Summer Study in Oxford

Princeton Bread Loaf Group in Oxford

Guided by Renaissance scholar and Princeton faculty member Russ Leo, three intrepid Princeton students—Sara Krolewski, Sarah Baber, and Miles Carey—attended the Princeton-Bread Loaf Summer Study in Oxford for six weeks.

As part of the program, each student took a challenging graduate-level course with a member of the Bread Loaf faculty: Baber studied Chaucer’s Troilus and Criseyde and the importance of Troy in Middle English; Krolewski, the career of the American Novel after 1945; and Carey, competing theories of waste and its “aesthetic management” in contemporary contexts. 

In addition to their Bread Loaf coursework, students took a research seminar with Russ Leo, designed to introduce rising seniors to the methods, challenges, and rewards of independent archival research. Guiding students in the development of their senior thesis topics, the proseminar began with a discussion of Michel Foucault’s signal 1969 lecture, “What Is an Author?” With Foucault’s questions concerning meaning and authority in mind, the Princeton cohort proceeded to explore the rich resources of the Bodleian Library, fleshing out their thesis bibliographies with rare books and manuscripts from the exhaustive Oxford collections.

But the Bread Loaf experience is far more than coursework.  Indeed, one of the most unique and invigorating aspects of the program is the sense of intellectual community and camaraderie that develops among the students, sharing meals in Lincoln College like Thomas More’s noble Utopians, working together in the magnificent College Library and in the surrounding coffee houses and pubs. Here our stellar cohort reflected often on the different histories and trajectories of Anglophone literature as well as the enduring questions that draw diverse students of the humanities together. They developed thesis proposals together, sharing ideas and sources, seizing the opportunity for collective work and thought.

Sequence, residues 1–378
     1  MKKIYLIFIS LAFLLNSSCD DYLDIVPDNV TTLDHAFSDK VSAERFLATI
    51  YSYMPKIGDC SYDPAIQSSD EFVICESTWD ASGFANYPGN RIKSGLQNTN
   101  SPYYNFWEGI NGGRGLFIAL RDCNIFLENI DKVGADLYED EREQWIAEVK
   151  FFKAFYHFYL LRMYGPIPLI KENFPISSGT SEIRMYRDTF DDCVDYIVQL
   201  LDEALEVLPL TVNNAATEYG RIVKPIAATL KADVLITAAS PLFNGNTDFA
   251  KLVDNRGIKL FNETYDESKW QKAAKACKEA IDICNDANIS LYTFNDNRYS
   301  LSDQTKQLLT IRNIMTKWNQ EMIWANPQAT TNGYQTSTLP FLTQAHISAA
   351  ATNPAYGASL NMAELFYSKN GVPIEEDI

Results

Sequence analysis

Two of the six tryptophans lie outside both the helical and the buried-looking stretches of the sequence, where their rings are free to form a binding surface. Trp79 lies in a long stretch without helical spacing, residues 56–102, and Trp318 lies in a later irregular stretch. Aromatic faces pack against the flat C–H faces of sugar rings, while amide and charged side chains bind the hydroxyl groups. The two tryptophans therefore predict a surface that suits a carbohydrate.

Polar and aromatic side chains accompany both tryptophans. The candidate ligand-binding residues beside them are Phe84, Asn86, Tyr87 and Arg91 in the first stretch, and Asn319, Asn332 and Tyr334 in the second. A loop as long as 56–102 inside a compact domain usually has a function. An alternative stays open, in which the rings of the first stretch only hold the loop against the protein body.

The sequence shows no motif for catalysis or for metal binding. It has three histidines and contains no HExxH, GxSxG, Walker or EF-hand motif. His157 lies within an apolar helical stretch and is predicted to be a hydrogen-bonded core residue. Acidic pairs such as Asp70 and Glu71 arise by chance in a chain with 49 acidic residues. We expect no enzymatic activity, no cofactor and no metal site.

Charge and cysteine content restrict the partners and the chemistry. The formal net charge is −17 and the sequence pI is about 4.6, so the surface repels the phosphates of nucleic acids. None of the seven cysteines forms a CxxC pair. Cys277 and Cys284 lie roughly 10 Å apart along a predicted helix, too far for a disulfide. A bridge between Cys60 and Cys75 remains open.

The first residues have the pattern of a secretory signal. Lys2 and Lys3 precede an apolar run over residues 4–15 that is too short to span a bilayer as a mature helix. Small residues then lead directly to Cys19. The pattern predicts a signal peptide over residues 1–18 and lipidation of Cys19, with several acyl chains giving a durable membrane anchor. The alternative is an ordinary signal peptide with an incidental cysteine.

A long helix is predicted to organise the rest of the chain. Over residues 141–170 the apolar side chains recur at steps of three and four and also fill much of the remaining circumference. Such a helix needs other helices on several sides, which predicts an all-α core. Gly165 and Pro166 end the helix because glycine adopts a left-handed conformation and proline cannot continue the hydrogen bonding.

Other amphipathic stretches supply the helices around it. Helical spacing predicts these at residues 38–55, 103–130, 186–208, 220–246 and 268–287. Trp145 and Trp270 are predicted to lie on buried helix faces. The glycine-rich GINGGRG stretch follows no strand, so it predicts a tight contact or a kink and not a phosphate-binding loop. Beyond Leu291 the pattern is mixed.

The group duly took advantage of the amazing intellectual resources at hand in Oxford and England at large, taking a research trip to the British Library as well as to the Weston Library at the Bodleian, where they were treated to an exciting presentation on the Modernist manuscript archive—a collection that includes T. S. Eliot’s hand-written copy of The Waste Land as well as the playwright Alan Bennett’s eclectic collection of toys, notes, and objects donated to the Library. Not only has the Bread Loaf program afforded these students the opportunity to study with exemplary scholars in the heart of Oxford, it has also enabled them to develop compelling theses and to build an intellectual community that will undoubtedly persist in Oxford, Princeton, and beyond.